0.150-Up Definite evidence of under the influence since everyindividual with this concentration would have lost to ameasurable extent some of the clearness of intellect andcontrol of himself that he would normally possess

    1939: Indiana and Maine adopted these presumptions in their respectiveDUI statutes.The enactment of presumptive levels shifted the focus inDUI investigations and trials from officer observations to chemical testing.

    1944:The National Committee on Uniform Traffic Laws and Ordinancesincorporated presumptive alcohol concentrations in the Chemical TestsSection of the Uniform Vehicle Code. In 1948, the CAOD collaboratedwith Licensed Beverage Industries, Incorporated, to fund a research projectat Michigan State College to study the efficacy of breath-testing methods.They examined the Drunkometer, Intoximeter and Alcometer, the threemost prevalent breath-alcohol testing instruments of the time. Each ofthese instruments employed wet chemical methods that analyzed breathsamples based on chemical interactions between the alcohol molecules anda reagent.They determined that the three instruments could obtain resultsthat were in close agreement with direct blood alcohol results.

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  • 1952: New York enacted the first Implied Consent Law.

    1954: Dr. Robert Borkenstein invented the first truly practical breath-testing instrument, the Breathalyzer. In the mid-1960s, Borkenstein andothers utilized the instrument in the important and widely publicizedGrand Rapids study, which corroborated Holcombs study and demon-strated that at a breath alcohol concentration (BrAC) of 0.08 and abovethe likelihood of causing a motor vehicle crash increases significantly.

    1959:The COAD recommended lowering the presumptive level ofimpairment from 0.150 to 0.100.The National Committee on UniformTraffic Laws and Ordinances ultimately incorporated this recommendationinto the Chemical Tests Section of the Uniform Vehicle Code in 1969.

    1960s and 1970s: Inventors modified fuel cells (which were first devel-oped in the 1800s) to identify and quantify breath alcohol. In the 1970s,Mr. Richard Harte invented the first breath alcohol-testing instrumentemploying infrared spectrometry.The infrared and fuel cell instrumentsrepresented a significant step forward in technology. Unlike the originalwet-chemical methods, these instruments directly identify and measurethe physical properties of alcohol molecules themselves.Virtually allmodern instruments rely on one or both of these methods.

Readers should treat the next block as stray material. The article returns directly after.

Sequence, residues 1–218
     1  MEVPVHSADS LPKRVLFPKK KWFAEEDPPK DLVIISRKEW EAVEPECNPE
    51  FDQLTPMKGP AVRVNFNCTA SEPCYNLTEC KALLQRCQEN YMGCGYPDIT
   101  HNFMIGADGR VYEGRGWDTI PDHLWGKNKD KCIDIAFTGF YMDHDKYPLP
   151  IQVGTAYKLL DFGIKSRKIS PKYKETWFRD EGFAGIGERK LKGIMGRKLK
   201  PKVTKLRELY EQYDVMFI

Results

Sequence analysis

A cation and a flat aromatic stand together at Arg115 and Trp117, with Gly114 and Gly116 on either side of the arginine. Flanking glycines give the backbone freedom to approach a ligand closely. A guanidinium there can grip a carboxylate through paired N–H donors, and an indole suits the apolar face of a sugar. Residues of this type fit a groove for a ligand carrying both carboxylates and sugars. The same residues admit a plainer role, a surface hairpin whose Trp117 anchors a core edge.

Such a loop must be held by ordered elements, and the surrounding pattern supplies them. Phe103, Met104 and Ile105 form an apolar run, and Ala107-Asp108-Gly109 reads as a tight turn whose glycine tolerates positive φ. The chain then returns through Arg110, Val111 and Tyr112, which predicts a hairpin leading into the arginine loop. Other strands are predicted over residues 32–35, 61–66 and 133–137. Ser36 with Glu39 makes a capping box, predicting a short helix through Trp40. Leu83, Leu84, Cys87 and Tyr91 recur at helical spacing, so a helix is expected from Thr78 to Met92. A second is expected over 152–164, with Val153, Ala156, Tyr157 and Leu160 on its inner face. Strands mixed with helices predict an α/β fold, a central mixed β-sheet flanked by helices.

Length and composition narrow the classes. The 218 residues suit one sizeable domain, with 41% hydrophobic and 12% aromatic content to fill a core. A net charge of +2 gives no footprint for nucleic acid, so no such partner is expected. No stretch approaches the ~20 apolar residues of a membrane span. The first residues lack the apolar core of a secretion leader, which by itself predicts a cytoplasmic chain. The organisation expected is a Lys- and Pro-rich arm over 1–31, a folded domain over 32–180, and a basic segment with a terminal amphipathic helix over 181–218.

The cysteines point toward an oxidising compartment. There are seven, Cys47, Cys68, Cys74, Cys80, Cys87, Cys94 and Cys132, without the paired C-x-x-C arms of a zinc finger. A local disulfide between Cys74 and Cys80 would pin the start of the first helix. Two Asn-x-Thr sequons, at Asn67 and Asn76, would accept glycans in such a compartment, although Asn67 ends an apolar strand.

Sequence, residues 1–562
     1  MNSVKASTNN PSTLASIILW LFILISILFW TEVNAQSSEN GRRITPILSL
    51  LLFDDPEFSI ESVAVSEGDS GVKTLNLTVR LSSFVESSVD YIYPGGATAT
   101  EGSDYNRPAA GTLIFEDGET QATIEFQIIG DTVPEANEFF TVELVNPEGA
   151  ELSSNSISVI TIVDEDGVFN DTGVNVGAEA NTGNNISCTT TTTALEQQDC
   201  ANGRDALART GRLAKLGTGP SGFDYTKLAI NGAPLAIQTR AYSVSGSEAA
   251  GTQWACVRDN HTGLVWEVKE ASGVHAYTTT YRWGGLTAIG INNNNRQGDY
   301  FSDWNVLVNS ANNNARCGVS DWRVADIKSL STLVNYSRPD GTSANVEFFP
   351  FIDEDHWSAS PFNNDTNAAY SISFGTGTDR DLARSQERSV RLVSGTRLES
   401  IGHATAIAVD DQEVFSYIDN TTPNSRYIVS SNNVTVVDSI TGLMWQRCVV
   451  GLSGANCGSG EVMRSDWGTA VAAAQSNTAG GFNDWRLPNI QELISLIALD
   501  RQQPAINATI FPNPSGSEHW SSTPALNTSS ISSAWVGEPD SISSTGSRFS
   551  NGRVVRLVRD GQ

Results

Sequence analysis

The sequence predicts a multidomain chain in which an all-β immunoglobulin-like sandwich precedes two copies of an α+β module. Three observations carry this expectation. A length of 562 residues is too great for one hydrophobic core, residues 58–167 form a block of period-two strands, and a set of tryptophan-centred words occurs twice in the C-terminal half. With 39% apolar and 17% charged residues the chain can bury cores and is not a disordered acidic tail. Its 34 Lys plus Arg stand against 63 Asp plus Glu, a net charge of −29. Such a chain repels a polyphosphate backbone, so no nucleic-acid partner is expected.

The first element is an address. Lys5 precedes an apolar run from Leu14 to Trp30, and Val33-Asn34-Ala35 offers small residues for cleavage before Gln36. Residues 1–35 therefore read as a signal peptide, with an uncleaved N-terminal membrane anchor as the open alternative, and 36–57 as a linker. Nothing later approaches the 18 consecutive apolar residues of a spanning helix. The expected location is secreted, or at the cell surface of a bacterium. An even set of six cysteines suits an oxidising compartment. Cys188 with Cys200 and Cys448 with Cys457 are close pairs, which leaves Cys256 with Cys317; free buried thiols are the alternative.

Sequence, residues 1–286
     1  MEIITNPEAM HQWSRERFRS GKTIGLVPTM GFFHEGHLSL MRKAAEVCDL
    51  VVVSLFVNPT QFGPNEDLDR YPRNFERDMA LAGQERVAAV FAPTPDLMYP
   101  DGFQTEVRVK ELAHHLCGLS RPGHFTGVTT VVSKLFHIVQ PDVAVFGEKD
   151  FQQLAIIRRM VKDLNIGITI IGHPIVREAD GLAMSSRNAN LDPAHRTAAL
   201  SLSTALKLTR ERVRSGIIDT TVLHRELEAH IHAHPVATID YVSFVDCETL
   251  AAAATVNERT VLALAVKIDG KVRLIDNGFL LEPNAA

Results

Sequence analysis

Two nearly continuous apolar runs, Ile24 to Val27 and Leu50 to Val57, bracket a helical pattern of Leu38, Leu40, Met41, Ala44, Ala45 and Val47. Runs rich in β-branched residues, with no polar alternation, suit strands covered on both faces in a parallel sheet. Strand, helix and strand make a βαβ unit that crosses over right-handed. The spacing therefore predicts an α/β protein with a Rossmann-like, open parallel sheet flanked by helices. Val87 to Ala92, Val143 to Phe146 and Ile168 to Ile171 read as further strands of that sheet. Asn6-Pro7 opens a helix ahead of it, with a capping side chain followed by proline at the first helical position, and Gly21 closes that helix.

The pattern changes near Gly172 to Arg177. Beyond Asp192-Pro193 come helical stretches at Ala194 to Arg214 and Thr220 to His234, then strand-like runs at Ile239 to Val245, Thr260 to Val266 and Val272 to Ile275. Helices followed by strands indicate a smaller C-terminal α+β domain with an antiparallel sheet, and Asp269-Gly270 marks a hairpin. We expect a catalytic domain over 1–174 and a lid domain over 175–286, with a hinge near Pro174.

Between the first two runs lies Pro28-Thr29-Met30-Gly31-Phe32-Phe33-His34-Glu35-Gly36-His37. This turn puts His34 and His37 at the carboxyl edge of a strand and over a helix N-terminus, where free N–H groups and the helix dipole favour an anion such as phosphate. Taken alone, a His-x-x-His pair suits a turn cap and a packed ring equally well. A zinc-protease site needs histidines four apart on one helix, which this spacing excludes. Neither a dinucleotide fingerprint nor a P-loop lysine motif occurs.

1971:The COAD recommended lowering the presumptive level to0.080. By 1973, every state had enacted Implied Consent Laws.At thetime, all breath testing instruments reported their results in terms ofblood alcohol concentration, implying a conversion. Jurors often had dif-ficulty understanding the conversion. (see below for discussions onHenrys Law and the Partition ratio). In the early 1970s, Dr. KurtDubowski recommended eliminating the problem by re-defining thepresumptions in terms of BrAC. In 1975, the COAD recommended thatthe Code incorporate Dubowskis suggestion. Most states now defineimpaired driving offenses in both breath and blood alcohol concentrationunits.3

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    3For a more detailed account of COADs efforts, See History of the Committee on Alcohol andOther Drugs, National Safety Council Committee on Alcohol and Other Drugs,http// (1997)

  • Anatomy of a Breath Sample

    To better understand breath-testing devices, one must have a basicunderstanding of human physiology and alcohol pharmacology.Alcoholtypically enters the body through oral ingestion of a beverage containingethyl alcohol.Alcohol enters the bloodstream through the stomach andsmall intestine by simple diffusion.

    Blood transports the alcohol, which is infinitely water soluble, to thebodily tissues.Veins carry the blood to and through the lungs where theblood becomes oxygenated.Arteries then carry the oxygen-rich blood tothe brain and the rest of the body.

    Lung tissue is made of air pockets, or alveoli, surrounded by blood-richmembranes.A fraction of the alcohol circulating in the blood crosses themembranes and evaporates into the alveoli. During exhalation, air isforced out of the alveoli and ultimately emerges from the lungs into thepersons breath.

    During exhalation, air first emerges from the mouth/nasal area, then thethroat and upper airway, then the lungs.The highest alcohol concentra-tion in the lungs is found in the deepest portion of the lungs, where theair is in its closest proximity to the blood.When a person exhales com-pletely, the deep lung air (also known as the end expiratory air) leavesthe lungs last. If one were to monitor breath alcohol levels while a per-son exhaled, the measured level would start at a very low level and riseuntil it reached a peak or plateau as deep lung air is exhaled.

    Henrys Law

    Henrys Law describes the mechanism of exchange in the lungs, which isinfluenced by physiological factors. Henrys law directly explains the vol-ume of alcohol in a simulators vapor. Henrys Law states that in a closedsystem, at any given temperature, the concentration of a volatile sub-stance in the air above a fluid is proportional to the concentration of thevolatile substance in the fluid.

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    Wt. of Alcohol per Volume of Air = K (a constant)